Luke’s travels did not just bring spiritual epiphanies, but ones about humanity and the world in general.  

While it might seem Pollyanna-ish to say we are more alike than we are different, his experiences confirmed that belief. Luke said, “I traveled to over 67 places, and I didn’t have any bad experiences…And I went to places where America, at least in their government stance, is not an ally. It’s not liked…You’re always going to run into mean people…But I would say the vast majority, all they’re looking for is a semblance of respect. If you give off respect and kindness, it’ll come back to you. I’ve lived it and I’ve seen it.” 

            In light of his travel experiences, Luke has discovered the peace he was looking for by finally coming to terms with the loss of his father. He knows that Tim’s message to him would be akin to, “Don’t be angry. Do good. Live life to the best of your abilities. Be happy. Don’t be sad. And go forward living.” 

            “It took me a long time to get there,” Luke noted, “because [I] felt like I had to ask permission to be my own person and not directly fall into his footsteps. But what I realized after a lot of prayer and meditation and an epiphany in the Holy Land was [that] our lost loved ones would not want us mourning them all the time, especially now, 15 years after my father passed.” 

            Luke hopes that people who read “Look for Me There” find similar hope in processing their own grief or struggles. He concluded, “Your grief journey is your own. There’s no perfect way to go about it…You may never move on, but you can move forward…We reach crossroads in our lives where we’re trying to figure out, ‘What’s the best path for me? Maybe I need a minute to sit back and try to understand things.’ It’s okay to do that. Make that time for yourself, and make that time for prayer, for meditative prayer and thinking. So, my goal through all of it is that if folks can read the two parallel themes of self-discovery and processing grief, they come out of it feeling a little less lost.” 


Luke Russert’s Road Through Grief

August 20, 2023

            Two days before NBC News legend Tim Russert’s death in 2008, he was on vacation at the Vatican with his wife, writer Maureen Orth, and son, Luke. They attended a prayer service with Pope Benedict XVI before Tim returned to the U.S. for work, while Maureen and Luke remained in Rome. That’s where they received the tragic news about Tim’s fatal cardiac arrest. Because Tim was a public person, Luke had the eyes of the country on him as he experienced his own grief. That had its positives and negatives, he recalled during an interview on “Christopher Closeup” about his memoir “Look for Me There: Grieving My Father, Finding Myself.”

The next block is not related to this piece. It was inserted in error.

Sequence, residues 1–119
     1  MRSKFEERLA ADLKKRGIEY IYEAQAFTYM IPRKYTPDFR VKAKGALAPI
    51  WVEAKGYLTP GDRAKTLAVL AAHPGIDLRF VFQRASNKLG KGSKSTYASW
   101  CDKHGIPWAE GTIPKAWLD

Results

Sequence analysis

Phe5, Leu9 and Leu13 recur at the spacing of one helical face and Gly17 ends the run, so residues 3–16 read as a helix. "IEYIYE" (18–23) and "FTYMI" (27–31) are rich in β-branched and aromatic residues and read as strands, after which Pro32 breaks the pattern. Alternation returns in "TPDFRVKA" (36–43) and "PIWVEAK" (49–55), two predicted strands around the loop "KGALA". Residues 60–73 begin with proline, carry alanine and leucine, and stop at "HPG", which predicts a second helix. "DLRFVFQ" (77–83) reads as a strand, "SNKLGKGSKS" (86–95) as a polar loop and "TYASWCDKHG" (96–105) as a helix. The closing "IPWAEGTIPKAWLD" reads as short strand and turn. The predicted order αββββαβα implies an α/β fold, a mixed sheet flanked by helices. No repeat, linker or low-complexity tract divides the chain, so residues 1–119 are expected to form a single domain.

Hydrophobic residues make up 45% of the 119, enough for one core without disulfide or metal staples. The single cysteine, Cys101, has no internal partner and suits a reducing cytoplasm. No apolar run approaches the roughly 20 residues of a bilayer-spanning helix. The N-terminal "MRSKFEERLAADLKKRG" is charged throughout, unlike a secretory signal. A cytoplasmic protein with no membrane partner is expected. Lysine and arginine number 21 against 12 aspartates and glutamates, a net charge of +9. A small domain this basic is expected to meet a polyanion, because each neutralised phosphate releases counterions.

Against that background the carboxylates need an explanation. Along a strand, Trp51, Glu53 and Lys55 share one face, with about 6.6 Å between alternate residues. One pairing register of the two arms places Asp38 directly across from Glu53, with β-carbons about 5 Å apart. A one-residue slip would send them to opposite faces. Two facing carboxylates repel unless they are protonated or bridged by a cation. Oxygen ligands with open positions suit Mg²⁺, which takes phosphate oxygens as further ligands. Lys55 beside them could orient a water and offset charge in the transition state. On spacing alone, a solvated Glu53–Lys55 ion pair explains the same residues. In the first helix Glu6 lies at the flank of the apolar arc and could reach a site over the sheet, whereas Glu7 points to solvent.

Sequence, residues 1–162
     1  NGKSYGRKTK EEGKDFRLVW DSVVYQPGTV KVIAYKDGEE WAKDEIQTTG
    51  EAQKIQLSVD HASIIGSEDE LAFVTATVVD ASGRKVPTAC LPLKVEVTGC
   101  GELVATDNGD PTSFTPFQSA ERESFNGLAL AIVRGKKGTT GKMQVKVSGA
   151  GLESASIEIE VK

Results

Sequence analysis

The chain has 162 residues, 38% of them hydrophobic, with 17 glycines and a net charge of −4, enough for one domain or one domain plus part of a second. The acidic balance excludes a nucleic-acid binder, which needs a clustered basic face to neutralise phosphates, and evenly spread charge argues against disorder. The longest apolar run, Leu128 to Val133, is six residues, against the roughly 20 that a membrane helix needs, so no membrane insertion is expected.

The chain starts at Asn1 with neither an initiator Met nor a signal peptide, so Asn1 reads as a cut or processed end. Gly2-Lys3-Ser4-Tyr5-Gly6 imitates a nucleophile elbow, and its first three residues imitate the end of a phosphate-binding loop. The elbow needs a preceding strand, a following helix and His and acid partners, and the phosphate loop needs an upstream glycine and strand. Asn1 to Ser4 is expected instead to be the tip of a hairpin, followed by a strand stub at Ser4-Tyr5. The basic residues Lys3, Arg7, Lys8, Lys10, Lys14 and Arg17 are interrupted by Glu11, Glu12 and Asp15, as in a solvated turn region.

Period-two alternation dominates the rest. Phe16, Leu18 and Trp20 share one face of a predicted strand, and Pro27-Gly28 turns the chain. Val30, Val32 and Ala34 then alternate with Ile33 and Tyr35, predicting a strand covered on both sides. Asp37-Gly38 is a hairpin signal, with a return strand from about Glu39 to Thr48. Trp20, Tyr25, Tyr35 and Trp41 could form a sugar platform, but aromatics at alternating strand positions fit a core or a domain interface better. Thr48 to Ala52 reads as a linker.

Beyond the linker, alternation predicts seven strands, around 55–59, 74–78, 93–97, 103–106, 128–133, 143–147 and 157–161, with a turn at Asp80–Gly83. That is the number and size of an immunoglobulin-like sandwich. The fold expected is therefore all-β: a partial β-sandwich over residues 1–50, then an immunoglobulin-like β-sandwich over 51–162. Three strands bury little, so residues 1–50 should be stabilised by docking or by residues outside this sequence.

For instance, Tim’s wake in Washington, D.C. drew thousands of mourners. “It had the full ensemble of the American quilt,” Luke said, “meaning President Bush stopped by, as well as the short order cook who is an immigrant from Sierra Leone from the diner near NBC. It was a beautiful thing to witness.” 

            Luke ended up staying at the wake for nine hours to shake everybody’s hand. He said, “I felt…I was bringing comfort to people. But then, I was also getting some strength from people as they walked through.” Looking back on that period, Luke realizes he was being strong for others, but he never processed his own grief. He took a job with NBC News shortly thereafter, partially because it helped him stay connected to his father. It wasn’t until Luke had an unexpected encounter eight years later that he reconsidered what he was doing. 

            One day, Luke got called in to meet with the Jesuit-educated Speaker of the House, John Boehner. Luke thought he was going to get chewed out for some negative coverage, but instead Boehner told him, “You’re doing a great job, but you could do this job in your sleep. I’ve seen people that are here 20, 30, 40 years in the cycle that is American politics…There’s always the next election, a bill that has to be done, banquets to attend…You might benefit from having some time to learn a new skill or get out of Washington to see how the rest of the country lives, the rest of the world lives. Just do something that affirms that you actually want to be here for the long term and [that this] is the right decision for you.”